Memcached::Client::Connection - Class to manage Memcached::Client server connections


version 2.01


  use Memcached::Client::Connection;
  my $connection = Memcached::Client::Connection->new ("server:port");
  $connection->enqueue ($request);


A Memcached::Client::Connection object is responsible for managing a connection to a particular memcached server, and a queue of requests destined for that server.

Connections are, by default, made lazily.

The connection handler will try to automatically reconnect several times on connection failure, only returning failure responses for all queued requests as a last resort.



new() builds a new connection object. The object is constructed and returned immediately.

Takes two parameters: one is the server specification, in the form of "hostname" or "hostname:port". If no port is specified, ":11211" (the default memcached port) is appended to the server name.

The other, optional, parameter is a subroutine reference that will be invoked on the raw filehandle before connection. Generally only useful for putting the filehandle in binary mode.

No connection is initiated at construction time, because that would require that we perhaps accept a callback to signal completion, or create a condvar, etc. Simpler to lazily construct the connection when the conditions are already right for doing our asynchronous dance.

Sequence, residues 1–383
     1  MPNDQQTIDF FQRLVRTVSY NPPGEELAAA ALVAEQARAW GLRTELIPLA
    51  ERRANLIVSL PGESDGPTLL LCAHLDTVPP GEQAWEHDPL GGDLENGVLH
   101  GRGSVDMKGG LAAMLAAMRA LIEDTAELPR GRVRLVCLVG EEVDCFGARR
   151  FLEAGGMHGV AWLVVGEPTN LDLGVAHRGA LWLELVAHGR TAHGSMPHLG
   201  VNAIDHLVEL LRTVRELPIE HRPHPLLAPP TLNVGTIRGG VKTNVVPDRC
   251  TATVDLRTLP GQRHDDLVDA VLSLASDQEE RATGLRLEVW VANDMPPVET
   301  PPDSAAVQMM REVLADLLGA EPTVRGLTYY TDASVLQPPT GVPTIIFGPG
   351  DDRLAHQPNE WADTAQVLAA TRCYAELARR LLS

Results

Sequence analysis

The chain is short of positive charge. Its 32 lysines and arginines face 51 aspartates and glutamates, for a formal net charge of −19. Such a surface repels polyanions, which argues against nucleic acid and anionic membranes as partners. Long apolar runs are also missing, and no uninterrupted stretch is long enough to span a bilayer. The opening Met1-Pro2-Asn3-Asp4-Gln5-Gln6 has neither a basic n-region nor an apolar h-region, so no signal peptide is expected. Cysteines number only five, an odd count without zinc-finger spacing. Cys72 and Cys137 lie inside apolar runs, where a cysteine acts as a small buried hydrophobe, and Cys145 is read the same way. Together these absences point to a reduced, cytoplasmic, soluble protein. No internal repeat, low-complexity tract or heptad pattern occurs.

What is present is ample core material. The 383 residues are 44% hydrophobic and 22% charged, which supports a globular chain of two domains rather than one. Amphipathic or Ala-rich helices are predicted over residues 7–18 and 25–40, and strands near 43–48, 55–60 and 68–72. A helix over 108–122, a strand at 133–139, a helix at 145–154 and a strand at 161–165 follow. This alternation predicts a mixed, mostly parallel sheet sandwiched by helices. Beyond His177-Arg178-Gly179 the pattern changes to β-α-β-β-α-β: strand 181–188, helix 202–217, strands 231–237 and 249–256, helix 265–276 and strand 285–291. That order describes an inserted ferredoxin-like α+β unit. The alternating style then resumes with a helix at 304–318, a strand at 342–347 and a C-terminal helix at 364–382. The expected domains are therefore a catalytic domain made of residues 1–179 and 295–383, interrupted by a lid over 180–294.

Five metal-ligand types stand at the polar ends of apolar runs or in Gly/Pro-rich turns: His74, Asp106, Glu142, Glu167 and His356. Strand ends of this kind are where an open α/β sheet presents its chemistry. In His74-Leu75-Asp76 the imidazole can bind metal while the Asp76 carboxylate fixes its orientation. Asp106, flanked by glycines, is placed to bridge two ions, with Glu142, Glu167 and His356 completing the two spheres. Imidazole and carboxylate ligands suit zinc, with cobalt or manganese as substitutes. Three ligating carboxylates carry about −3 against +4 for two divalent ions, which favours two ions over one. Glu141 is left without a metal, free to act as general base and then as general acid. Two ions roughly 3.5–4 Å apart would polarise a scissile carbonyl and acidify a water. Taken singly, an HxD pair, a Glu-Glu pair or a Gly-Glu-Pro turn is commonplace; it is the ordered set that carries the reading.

connect() initiates a connection to the specified server.

If it succeeds in connecting, it will start sending requests for the server to satisfy.

If it fails, it will respond to all outstanding requests by invoking their failback routine.


disconnect will disconnect any extant handle from the server it is connected to, destroy it, and then fail all queued requests.


enqueue() adds the specified request object to the queue of requests to be processed, if there is already a request in progress, otherwise, it begins execution of the specified request. If necessary, it will initiate connection to the server as well.


dequeue() checks to see if there's already a request processing, and if so, it simply returns (when that request finishes, it will call ->complete, which will call dequeue).

If nothing is processing, it will attempt to pull the next item from the queue and start it processing.



fail() is called when there is an error on the handle, and it invokes the failbacks of all queued requests.


Michael Alan Dorman <>


This software is copyright (c) 2010 by Michael Alan Dorman.

This is free software; you can redistribute it and/or modify it under the same terms as the Perl 5 programming language system itself.